• Breaking a promise: Failing to keep a promise can generate guilt. You feel responsible for letting someone down by not following through on your commitment.

What is shame?


Shame is a more complex response influenced more by societal norms. Unlike guilt, which is connected more to personal standards, shame is a pervasive feeling of worthlessness for not measuring up to societal standards. It’s a deeply ingrained belief that you, as a person, are inherently flawed, bad, or unworthy. Shame can be described as a negative judgement of your entire self.


Examples of experiences related to shame


  • Public accidents: If a person vomits or loses control of their bowels in a public space, shame is a likely emotion, because most societies look down on public loss of control and consider excretions of waste a private act.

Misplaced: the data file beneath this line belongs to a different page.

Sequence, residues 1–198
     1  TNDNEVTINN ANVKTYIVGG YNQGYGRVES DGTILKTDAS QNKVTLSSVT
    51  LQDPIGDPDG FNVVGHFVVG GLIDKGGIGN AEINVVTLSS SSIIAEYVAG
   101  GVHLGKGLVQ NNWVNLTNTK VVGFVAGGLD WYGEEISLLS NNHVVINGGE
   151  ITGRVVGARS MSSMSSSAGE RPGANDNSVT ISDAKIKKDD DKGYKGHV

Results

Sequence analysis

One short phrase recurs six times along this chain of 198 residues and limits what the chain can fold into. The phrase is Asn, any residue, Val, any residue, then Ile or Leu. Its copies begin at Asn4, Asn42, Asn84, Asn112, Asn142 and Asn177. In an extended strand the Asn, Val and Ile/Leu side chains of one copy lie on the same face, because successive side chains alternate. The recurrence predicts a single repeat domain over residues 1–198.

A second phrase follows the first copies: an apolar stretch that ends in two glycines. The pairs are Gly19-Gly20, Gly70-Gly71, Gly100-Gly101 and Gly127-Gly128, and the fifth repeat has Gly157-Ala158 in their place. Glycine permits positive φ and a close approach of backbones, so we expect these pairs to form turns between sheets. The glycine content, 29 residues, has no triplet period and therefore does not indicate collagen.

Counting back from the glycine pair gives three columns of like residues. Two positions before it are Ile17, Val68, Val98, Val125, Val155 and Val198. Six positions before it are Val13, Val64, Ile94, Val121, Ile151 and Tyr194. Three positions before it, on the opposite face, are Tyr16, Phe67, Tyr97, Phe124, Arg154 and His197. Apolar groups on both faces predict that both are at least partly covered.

• Body image issues: Many people experience shame related to their physical appearance, often feeling inadequate or unattractive irrespective of their actual physical attributes when they compare themselves to societal beauty standards.
  • Past trauma: Survivors of trauma, such as abuse or assault, can grapple with profound shame. Due to societal biases, they may feel as though they were somehow responsible for the events that transpired and are bad or weak for ‘letting’ them happen.
  • Stigma and prejudice: Discrimination or prejudice based on race, ethnicity, sexuality, or other factors – often entrenched within a society – can lead to feelings of shame and make people question their self-worth.

When chronic guilt and shame combine


Guilt and shame can coexist, creating a distressing and self-reinforcing cycle. Chronic guilt may intensify feelings of shame, as ongoing remorse for specific actions can contribute to a deeper belief in one’s inherent unworthiness.